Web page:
That’s why no matter what industry you’re in, no matter what size company, this risk exposure really is pervasive. It affects all companies, and one bad decision can make you a target of opportunity. If small businesses and mid-size businesses do not adopt to technology, they die. Right? The competitive advantages are so large that they’re being forced to do so to remain competitive. On the other hand, by adopting new technology, they now have, all [of a] sudden, new risk exposures.

New data, new infrastructure, if they don’t manage those properly, they can die as well. So the cost can absolutely be severe. But talking about the individual exposures, this can be anything from phishing attacks, it can be social engineering to convince a controller or CFO to wire funds, or wire fraud, if you will. It can be debilitating ransomware attacks, where all the company’s data and computer systems are encrypted and locked away.

And again, the cost to respond can be, in some cases, relatively mundane, particularly for a small business. But, on the other hand, they can be very severe. Particularly in this sector, small businesses are not as resilient; they’re not as prepared to have an unforeseen expense that very often [can be in the] hundreds of thousands, if not millions, of dollars, depending on what the scale of the attack is. That’s why insurance is such a critical piece of the solution in this part of the market.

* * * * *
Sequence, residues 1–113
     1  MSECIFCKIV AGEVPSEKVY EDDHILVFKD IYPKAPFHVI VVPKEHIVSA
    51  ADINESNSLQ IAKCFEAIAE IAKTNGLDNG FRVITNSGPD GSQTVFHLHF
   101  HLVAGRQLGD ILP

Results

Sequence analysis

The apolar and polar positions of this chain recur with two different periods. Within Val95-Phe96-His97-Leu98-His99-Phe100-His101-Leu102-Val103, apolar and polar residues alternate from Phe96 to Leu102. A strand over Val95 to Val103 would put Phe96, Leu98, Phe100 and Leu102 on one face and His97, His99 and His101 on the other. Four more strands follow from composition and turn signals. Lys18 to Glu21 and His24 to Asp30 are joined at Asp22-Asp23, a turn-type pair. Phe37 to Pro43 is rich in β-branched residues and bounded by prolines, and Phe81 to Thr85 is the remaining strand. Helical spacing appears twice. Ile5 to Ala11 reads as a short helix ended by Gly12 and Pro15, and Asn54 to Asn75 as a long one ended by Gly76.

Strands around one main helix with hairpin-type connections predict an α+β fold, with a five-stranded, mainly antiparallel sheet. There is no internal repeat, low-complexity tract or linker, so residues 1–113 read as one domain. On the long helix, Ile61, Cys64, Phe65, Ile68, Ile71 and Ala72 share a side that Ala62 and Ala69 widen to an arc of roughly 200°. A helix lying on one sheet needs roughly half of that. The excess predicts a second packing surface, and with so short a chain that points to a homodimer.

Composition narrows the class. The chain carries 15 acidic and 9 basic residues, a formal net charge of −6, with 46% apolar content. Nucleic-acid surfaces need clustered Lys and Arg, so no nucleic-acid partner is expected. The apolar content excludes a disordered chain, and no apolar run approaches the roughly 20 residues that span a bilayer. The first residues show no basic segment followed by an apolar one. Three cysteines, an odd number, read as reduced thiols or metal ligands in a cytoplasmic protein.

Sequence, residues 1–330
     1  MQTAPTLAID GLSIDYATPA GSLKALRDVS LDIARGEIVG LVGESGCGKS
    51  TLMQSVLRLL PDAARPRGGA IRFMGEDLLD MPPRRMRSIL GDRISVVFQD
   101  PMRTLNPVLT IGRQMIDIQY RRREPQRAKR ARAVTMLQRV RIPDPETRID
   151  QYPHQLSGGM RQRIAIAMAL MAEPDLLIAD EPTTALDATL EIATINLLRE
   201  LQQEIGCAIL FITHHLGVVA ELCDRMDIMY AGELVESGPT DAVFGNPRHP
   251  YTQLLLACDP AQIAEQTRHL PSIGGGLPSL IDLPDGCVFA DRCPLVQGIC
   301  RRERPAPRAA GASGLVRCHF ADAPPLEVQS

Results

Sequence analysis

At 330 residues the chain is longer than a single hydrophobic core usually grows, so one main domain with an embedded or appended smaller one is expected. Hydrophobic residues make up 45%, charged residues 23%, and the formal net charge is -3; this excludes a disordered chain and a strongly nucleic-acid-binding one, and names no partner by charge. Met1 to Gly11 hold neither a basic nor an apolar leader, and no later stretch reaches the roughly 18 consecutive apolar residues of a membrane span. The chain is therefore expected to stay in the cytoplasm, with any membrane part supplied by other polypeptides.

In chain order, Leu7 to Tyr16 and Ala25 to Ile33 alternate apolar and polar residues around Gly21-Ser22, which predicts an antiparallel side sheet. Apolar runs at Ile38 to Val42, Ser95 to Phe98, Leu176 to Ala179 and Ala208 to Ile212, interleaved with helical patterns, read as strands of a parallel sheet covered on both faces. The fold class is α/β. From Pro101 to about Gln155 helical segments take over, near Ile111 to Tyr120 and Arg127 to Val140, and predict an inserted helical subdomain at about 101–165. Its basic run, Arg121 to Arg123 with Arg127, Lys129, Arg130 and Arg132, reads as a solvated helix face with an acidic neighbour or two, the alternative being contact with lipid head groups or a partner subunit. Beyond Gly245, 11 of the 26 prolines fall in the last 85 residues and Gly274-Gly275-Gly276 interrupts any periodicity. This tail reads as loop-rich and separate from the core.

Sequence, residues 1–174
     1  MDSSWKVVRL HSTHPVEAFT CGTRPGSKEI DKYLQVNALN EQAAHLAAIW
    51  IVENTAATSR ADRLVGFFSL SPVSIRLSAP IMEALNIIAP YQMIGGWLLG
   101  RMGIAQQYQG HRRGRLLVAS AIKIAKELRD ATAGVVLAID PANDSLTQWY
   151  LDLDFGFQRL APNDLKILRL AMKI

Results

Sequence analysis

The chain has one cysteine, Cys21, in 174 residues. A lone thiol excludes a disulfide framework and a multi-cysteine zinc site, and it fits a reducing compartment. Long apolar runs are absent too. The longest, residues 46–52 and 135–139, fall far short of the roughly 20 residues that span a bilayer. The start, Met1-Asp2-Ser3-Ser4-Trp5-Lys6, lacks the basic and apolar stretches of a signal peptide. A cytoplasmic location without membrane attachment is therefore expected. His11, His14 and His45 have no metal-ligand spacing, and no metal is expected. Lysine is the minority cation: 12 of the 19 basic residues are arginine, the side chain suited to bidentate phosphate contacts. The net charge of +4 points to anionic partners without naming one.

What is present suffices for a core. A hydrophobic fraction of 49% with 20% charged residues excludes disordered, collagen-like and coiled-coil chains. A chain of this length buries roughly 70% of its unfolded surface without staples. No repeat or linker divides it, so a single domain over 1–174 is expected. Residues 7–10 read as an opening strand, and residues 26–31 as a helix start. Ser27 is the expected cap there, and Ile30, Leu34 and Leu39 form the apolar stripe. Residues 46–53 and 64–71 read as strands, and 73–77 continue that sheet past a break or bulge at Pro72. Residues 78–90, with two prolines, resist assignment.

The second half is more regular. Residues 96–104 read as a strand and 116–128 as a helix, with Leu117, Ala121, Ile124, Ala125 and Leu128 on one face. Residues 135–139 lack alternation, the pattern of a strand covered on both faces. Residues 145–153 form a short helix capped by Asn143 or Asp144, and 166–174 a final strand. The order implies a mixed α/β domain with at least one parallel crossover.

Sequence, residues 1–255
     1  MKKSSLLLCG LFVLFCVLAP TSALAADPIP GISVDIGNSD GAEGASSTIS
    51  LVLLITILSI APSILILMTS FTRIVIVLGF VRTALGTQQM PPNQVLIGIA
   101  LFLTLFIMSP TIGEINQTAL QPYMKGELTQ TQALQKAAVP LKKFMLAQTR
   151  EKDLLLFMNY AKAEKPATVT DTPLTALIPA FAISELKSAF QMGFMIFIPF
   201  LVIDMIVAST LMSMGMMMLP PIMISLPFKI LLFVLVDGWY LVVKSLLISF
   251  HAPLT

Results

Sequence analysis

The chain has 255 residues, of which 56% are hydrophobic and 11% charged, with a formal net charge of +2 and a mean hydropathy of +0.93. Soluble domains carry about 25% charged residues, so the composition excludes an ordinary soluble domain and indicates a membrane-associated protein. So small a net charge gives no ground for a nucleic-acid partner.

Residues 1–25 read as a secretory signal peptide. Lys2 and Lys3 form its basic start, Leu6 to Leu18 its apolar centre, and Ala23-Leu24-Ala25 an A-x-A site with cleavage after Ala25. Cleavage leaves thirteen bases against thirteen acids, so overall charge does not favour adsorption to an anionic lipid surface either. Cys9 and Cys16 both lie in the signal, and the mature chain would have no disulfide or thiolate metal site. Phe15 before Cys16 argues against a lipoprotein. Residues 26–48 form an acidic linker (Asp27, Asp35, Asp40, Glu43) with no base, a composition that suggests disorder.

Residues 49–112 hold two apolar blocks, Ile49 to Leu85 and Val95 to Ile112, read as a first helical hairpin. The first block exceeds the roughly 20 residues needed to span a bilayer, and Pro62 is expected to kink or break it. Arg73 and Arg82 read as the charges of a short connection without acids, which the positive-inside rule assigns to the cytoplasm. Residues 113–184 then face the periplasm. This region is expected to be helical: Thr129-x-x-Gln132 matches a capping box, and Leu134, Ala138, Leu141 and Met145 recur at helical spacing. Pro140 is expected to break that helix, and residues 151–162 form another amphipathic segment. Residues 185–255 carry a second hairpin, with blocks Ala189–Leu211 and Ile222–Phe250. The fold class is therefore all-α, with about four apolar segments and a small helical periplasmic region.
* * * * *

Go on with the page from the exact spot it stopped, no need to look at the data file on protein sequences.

Gordon Bass: You said, the last time we spoke, that the traditional approach to cybersecurity is broken. What do you mean by that?

Joshua Motta: When I say that cybersecurity is broken, I mean that the existing approach, treating it as a technology problem, is broken. Companies that do that are implicitly accepting quite a bit of risk because, at the end of the day, a company has three choices: they can accept the risk; they can mitigate the risk, in which case technology does play a role; or they can transfer it, which is really where insurance comes in.

So again, going back to cybersecurity being broken, we’re advocates of small/mid-size businesses thinking of this really as a risk management problem. In helping advise them on how they can use technology to mitigate their risk, while providing them with a transfer solution in the form of a comprehensive insurance policy.